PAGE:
Intersectionality means a lot of things to me. It allows me to see the complexity of myself, recognizing that my experiences do not occur within a vacuum of one identity. I can recognize that the things that I experience in society, the feelings and thoughts that I have, and ways that I interact with the world have been shaped by my identity as a woman, a person who stutters, a Speech-Language Pathologist, a person who identities as asexual, a white American, a twin, and many more. We all have identities that intersect to make us who we are. Not all of us are on the same roads but we all have a complex series of roadways, highways, and stoplights. We need to understand, share, and celebrate the uniqueness of our whole, integrated selves. Sometimes though, some of our identities might feel more like stoplights than free-flowing freeways. They can lead to real barriers in our lives. And sometimes those barriers compound, in much the same way as when you get stuck at multiple stoplights. As a woman who stutters it can sometimes feel like you’re getting stopped by stoplight after stoplight. It’s easy to wonder why this is happening. Is traffic just really bad today? Am I just really unlucky this morning? Am I driving too slow as I accelerate through the green light? Much like this traffic, when people repeatedly talk over you, interrupt you, speak for you, laugh or mock you, and diminish the value of your contributions, it’s easy to wonder why.
Through the years, I’ve learned to acknowledge and address the role of stereotypes and misconceptions of my stuttering and my gender. This is the messy complexity of intersectionality. I am a woman who stutters and people treat me differently than they treat men who stutter because we are just that – different. This is especially clear when men who stutter interrupt me and try to talk for me. Many times, however, it’s not that clear.
As an example, I recently got into a discussion with a person over social media about something that I am passionate and knowledgeable about. This person started the discussion with me but quickly became very aggressive and dismissive of most of what I was saying. Many of my friends joined in the discussion to validate what I was saying. They successfully took the role of an ally. These comments of support were likely very helpful in this discussion but this person continued to be dismissive. Pretty soon, though, the discussion turned hateful, and generally unproductive, so I stopped engaging. I had spent a great deal of time responding to his comments in an objective, non-confrontational fashion – the way that society has taught me, as a woman, to be in order to be taken seriously and received meaningfully. He wasn’t really receiving anything that I was saying, though, so I stopped responding. I wasn’t willing to spend my time and energy to try to get him to understand my perspective if he was not open to it. In response, he involved another person in the discussion, asking for this person’s opinion. They said exactly what I had been saying, even using some of the same words that I had been using. But, instead of responding with dismissive, hurtful, and hateful comments towards him or questioning his claims to an unrealistic degree, he received it without question. Reading this comment and the other person’s response left me frustrated, hurt, and confused. I didn’t understand what made his words better or more meaningful than mine, especially when some of them were the same. Perhaps it was because he was an older, white, man who doesn’t stutter. It could have been due to all or none of these. Maybe it was due to an entirely unrelated reason. I won’t spend too much of my energy wondering why it happened. I blocked him and moved on.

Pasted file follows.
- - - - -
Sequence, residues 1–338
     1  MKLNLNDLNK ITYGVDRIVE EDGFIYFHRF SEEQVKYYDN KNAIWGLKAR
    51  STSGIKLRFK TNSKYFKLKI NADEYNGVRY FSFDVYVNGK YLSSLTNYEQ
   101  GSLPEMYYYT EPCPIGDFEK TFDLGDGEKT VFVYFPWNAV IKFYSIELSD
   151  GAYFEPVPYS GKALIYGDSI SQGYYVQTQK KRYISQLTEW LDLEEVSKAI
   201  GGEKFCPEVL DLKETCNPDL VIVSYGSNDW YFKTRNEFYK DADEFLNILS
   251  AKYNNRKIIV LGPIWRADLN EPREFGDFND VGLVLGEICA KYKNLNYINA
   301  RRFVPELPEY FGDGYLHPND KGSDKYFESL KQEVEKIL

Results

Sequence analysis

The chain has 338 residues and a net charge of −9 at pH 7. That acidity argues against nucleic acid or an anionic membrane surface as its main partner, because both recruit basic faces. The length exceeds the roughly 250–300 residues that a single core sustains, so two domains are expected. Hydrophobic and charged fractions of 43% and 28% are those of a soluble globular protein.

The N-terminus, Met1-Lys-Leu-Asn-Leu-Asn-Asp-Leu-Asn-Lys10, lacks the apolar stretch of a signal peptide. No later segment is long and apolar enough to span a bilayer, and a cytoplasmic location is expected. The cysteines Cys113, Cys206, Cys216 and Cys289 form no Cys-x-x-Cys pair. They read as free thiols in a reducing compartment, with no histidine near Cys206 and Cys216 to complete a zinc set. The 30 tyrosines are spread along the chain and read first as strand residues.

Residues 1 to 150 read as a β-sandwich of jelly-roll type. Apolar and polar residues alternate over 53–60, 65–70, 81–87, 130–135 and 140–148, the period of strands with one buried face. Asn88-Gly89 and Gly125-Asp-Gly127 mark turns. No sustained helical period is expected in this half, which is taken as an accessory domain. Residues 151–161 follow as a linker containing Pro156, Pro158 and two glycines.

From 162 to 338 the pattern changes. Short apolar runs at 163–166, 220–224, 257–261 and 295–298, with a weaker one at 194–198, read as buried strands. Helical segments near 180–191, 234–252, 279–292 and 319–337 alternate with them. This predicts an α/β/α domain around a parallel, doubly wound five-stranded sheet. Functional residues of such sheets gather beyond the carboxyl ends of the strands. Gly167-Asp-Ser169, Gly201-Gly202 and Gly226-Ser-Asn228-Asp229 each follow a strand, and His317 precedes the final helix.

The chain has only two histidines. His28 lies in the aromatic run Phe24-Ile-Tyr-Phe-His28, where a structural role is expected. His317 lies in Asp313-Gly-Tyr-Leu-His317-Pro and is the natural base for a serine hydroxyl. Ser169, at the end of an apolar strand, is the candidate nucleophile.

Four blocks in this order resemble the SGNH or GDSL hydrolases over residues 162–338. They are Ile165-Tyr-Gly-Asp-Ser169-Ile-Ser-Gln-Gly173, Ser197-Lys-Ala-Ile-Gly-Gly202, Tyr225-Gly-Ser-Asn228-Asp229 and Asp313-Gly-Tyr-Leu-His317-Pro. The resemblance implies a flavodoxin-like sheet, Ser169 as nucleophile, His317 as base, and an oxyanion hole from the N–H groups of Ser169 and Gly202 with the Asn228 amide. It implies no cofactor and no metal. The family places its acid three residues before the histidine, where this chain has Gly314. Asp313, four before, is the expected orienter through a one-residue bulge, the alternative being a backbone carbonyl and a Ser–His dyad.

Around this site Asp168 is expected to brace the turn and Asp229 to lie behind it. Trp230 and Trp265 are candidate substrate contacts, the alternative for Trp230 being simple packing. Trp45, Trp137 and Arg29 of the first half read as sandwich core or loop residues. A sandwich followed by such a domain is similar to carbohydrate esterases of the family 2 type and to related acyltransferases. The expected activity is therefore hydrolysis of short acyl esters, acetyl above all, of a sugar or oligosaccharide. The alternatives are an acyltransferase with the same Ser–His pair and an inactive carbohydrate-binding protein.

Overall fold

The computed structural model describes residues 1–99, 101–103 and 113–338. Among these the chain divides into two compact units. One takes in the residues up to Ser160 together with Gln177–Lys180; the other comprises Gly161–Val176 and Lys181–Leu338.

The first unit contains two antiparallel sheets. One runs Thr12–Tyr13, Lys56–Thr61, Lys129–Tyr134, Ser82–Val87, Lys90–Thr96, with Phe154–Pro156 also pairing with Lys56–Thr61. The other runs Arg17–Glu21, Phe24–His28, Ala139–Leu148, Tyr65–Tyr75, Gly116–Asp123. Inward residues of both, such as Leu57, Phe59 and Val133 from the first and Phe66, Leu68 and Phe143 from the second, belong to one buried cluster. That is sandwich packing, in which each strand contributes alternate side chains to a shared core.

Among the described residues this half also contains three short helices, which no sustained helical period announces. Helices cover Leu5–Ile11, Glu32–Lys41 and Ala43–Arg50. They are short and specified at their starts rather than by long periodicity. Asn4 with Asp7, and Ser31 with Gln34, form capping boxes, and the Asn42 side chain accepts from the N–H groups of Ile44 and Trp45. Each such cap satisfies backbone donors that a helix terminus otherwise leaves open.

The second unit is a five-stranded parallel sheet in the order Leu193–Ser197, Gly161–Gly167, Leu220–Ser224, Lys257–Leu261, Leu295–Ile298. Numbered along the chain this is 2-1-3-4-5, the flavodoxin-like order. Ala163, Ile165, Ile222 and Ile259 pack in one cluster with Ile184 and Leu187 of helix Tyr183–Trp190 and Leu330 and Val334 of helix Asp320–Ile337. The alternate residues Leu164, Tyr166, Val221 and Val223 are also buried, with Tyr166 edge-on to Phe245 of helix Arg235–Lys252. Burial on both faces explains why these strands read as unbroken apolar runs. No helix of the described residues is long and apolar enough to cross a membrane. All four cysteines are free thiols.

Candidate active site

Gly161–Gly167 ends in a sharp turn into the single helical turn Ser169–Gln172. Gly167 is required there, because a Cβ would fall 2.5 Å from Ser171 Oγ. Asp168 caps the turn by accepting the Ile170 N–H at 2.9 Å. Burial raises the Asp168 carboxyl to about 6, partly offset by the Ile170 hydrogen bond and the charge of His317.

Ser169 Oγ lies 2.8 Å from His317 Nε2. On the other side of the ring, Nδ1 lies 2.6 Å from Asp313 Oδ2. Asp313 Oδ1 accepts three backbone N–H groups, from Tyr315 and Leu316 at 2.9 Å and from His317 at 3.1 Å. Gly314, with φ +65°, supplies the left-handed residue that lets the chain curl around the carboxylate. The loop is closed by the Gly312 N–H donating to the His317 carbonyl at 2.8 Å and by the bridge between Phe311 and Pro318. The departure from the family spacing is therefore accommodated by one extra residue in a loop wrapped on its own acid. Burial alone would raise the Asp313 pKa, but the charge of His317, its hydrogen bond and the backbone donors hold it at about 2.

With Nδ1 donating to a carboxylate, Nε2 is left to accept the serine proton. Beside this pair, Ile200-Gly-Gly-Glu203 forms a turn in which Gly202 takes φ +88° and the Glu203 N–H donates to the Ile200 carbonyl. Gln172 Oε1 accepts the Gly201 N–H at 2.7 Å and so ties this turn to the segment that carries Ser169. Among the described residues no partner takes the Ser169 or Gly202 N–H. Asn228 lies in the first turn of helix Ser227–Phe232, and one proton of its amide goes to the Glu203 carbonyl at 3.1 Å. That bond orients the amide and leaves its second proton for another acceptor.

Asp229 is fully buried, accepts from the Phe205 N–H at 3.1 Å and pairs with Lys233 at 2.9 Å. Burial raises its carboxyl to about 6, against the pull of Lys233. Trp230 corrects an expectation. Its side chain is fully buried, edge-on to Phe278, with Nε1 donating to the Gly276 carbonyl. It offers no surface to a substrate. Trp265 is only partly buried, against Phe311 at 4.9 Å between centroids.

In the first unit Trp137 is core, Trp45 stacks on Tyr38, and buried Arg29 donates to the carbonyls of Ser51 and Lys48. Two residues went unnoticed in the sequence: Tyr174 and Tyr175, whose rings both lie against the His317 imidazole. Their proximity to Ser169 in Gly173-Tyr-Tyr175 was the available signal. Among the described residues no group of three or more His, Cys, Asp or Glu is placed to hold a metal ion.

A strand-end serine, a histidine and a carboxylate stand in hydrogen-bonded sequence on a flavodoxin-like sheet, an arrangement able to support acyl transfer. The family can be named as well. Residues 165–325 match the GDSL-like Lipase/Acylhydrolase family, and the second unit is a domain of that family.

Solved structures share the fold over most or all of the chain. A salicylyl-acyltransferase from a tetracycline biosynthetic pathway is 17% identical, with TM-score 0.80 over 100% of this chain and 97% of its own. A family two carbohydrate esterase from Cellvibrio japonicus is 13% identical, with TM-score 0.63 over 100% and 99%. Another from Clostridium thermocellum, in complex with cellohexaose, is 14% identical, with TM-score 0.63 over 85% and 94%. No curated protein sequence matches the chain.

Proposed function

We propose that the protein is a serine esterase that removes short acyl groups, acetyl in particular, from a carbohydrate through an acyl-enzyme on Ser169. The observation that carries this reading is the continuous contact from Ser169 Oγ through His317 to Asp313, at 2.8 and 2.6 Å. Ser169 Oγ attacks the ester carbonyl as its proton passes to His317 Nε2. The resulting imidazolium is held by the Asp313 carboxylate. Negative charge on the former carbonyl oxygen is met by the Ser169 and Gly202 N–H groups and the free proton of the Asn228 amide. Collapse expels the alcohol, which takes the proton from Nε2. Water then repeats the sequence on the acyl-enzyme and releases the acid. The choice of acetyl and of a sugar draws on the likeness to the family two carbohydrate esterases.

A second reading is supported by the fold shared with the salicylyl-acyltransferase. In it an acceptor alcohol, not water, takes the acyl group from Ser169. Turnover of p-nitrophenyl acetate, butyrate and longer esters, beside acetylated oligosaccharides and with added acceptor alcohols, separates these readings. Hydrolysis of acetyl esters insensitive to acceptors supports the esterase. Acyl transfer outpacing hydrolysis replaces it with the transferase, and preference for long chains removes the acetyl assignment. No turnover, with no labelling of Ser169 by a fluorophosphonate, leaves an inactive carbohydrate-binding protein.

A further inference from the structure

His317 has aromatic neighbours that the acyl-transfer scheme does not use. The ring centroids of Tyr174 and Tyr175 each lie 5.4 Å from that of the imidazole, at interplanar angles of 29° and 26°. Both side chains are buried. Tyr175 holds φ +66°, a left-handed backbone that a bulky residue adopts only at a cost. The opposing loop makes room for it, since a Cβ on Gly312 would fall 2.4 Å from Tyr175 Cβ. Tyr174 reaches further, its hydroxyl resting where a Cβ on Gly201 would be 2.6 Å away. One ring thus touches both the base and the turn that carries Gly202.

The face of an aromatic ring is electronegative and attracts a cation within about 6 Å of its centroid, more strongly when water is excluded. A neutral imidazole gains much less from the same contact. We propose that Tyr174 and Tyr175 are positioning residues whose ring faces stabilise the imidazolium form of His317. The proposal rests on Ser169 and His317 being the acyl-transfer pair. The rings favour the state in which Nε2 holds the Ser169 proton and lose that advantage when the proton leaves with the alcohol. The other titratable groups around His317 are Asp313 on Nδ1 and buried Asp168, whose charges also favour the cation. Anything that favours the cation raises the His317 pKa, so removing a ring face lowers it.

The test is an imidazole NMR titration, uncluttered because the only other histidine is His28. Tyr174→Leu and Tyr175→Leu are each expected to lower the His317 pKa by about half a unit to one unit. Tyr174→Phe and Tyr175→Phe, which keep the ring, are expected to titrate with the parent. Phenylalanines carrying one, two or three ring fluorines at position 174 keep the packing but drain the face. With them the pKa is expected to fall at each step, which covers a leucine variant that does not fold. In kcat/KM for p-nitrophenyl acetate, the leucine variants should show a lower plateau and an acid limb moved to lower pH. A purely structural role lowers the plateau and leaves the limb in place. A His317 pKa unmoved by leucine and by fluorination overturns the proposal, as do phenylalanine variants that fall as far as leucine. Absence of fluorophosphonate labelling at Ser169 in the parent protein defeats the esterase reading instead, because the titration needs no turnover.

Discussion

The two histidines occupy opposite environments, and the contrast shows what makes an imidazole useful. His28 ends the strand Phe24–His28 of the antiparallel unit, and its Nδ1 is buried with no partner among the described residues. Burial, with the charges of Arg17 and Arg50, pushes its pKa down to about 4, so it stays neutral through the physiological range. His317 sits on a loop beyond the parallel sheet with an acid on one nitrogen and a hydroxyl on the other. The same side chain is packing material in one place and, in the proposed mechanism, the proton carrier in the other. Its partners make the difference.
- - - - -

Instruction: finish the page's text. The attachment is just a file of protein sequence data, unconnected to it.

But this experience is not an isolated event, it exemplifies my experience in a world that tells me that my value is inferior to others simply because I’m different from them. It exemplifies the silencing that I so often face when I try to share my ideas but am not heard or considered. It exemplifies the disempowerment that I feel when someone tries to finish a word for me or stand up to a rude person for me, assuming that I’m not able to myself. It exemplifies the rejection that I feel when I get broken up with because they think stuttering makes me less attractive – in a society where a woman’s value is interconnected with her perceived beauty. These phenomena of silencing, invalidation, interruption, and social stigma can contribute to self-stigma within the person where we assume these misperceptions about ourselves, leading to further invalidation and disempowerment. This feeds into a false, vicious cycle, and we must be intentional to break the cycle.
Recognizing that my experience as a female who stutters is different from a man who stutters does not invalidate or diminish the difficult experiences that men who stutter face and feel. Their experiences, feelings, and thoughts are similar in some ways and different in others because we have different roadways that we travel on. Talking about social stigma and oppression – at both the micro level in small, everyday moments and macro level in big, structural discriminatory practices – is really difficult and feels uncomfortable. But we have to tolerate the discomfort and consider these issues with openness and intentionality. You don’t pretend like there isn’t traffic on the freeway before you get on. That would cause a lot more problems than solutions. So let’s start this discussion about our experiences and what we can do to be allies for each other and reduce the ways that we may be (perhaps unknowingly) contributing to these difficult experiences. Then, as a collective, we can be part of the solution, rather than the problem.
By Tiffani Kittilstved